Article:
knock out

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knock out (third-person singular simple present knocks out, present participle knocking out, simple past and past participle knocked out)

  1. (transitive) To strike or bump (someone or something) out.
    I accidentally knocked out the glass in my picture frame.
  2. (transitive, idiomatic) To render unconscious, as by a blow to the head.
    The boxer knocked out his opponent in the third round.
    • 1918, W[illiam] B[abington] Maxwell, chapter XXII, in The Mirror and the Lamp, Indianapolis, Ind.: The Bobbs-Merrill Company, →OCLC:
      In the autumn there was a row at some cement works about the unskilled labour men. A union had just been started for them and all but a few joined. One of these blacklegs was laid for by a picket and knocked out of time.
  3. (transitive, informal, idiomatic) To put to sleep.
    The allergy pill knocked him out for a good three hours.
  4. (intransitive, informal, idiomatic) To fall asleep, especially suddenly.
    • 2014, D. G. Driver, Cry of the Sea, page 61:
      That's a put-you-straight-to-sleep book if there ever was one, and I knocked right out after two paragraphs.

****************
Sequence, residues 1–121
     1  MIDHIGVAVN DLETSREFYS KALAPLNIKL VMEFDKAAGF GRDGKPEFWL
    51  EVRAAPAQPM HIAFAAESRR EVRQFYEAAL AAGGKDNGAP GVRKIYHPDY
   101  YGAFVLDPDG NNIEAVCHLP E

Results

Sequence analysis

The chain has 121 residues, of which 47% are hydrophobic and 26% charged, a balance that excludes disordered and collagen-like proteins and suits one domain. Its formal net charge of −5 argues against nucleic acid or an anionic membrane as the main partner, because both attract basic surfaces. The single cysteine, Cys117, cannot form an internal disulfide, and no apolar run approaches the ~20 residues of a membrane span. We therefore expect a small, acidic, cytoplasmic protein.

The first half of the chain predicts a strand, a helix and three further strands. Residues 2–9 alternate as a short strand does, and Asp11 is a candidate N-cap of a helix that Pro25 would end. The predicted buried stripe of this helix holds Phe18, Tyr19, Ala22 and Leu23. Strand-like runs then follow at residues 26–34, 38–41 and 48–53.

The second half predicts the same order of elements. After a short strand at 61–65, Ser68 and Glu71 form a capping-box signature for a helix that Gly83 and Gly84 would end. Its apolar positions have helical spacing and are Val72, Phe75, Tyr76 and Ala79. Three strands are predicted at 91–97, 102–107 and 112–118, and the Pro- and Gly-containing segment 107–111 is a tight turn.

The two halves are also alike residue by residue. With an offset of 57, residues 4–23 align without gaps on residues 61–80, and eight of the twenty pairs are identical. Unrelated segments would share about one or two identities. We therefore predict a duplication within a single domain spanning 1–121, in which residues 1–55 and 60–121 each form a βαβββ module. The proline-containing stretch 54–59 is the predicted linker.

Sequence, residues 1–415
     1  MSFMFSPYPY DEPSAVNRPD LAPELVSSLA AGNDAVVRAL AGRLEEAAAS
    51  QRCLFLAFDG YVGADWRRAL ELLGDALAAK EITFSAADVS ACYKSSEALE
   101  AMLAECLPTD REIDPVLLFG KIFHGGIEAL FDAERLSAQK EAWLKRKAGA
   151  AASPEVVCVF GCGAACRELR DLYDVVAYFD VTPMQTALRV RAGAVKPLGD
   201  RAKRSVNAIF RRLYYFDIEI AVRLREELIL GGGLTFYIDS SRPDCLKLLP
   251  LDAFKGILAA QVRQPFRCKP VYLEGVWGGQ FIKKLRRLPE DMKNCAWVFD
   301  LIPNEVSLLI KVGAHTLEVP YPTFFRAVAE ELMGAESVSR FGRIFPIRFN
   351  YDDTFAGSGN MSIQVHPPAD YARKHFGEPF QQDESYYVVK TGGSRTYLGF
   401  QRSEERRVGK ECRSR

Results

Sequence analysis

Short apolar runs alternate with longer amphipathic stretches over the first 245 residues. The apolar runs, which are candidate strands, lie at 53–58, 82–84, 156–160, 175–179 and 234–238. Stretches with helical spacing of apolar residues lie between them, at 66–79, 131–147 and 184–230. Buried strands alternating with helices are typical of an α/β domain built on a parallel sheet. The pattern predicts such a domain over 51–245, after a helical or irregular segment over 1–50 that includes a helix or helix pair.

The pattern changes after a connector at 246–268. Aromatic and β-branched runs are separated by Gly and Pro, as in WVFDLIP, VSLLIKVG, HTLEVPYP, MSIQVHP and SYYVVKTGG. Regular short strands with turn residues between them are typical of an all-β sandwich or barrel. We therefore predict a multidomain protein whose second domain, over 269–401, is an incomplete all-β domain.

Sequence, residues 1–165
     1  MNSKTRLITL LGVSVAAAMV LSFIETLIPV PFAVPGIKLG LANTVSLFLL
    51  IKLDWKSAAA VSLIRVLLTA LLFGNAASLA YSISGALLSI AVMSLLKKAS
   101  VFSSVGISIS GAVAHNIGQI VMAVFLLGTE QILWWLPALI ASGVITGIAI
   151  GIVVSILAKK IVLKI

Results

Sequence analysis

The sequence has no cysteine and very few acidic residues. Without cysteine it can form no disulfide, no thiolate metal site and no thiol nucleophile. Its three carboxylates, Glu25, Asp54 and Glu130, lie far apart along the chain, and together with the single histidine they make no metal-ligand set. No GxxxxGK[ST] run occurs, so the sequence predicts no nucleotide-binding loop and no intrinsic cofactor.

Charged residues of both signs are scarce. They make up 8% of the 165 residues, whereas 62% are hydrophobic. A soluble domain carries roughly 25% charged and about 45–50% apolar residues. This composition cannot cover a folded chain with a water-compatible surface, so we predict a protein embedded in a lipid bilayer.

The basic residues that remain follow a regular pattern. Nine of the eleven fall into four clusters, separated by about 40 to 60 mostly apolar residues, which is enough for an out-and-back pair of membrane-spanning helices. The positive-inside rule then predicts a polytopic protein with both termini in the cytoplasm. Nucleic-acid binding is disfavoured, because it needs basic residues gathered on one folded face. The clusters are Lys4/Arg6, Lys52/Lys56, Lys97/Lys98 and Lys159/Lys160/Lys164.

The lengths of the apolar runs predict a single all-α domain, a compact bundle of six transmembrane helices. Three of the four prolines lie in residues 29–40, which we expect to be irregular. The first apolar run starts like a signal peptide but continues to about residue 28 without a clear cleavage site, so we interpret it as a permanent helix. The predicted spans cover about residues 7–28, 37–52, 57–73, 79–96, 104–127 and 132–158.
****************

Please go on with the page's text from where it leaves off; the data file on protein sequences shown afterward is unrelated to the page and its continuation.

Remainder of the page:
5. (transitive, informal, idiomatic) To exhaust.
    Running errands all day really knocked him out.
  6. (transitive, informal) To complete, especially in haste; knock off.
    They knocked out the entire project in one night.
  7. (transitive, idiomatic) To cause a mechanism to become non-functional by damaging or destroying it.
    The antitank gun knocked out the enemy tank.
  8. (transitive) To eliminate from a contest or similar.
    • 1980, InfoWorld, volume 2, number 20:
      As they were approaching bankruptcy from being knocked out of the calculator market, they began development on the first commercially available microcomputer, the Altair.
    • 2011 December 15, Marc Higginson, “Shamrock Rovers 0-4 Tottenham”, in BBC Sport:
      Tottenham were knocked out of the Europa League, despite a comfortable victory over Shamrock Rovers in Dublin.
  9. (transitive) To communicate (a message) by knocking.
    The prisoner knocked out a message on the wall for the prisoner in the adjoining cell.
  10. To lose the scent of hounds in fox-hunting.
  11. (obsolete, Oxford University slang) To leave college after hours—after half-past ten at night when the doors have been locked.

Derived terms[edit]

Related terms[edit]


  • Macedonian: нокаут (nokaut)
  • Portuguese: nocaute
  • Russian: нокаут (nokaut)
  • Serbo-Croatian: нокаут
  • Spanish: nocaut
  • Turkish: nakavt


See also[edit]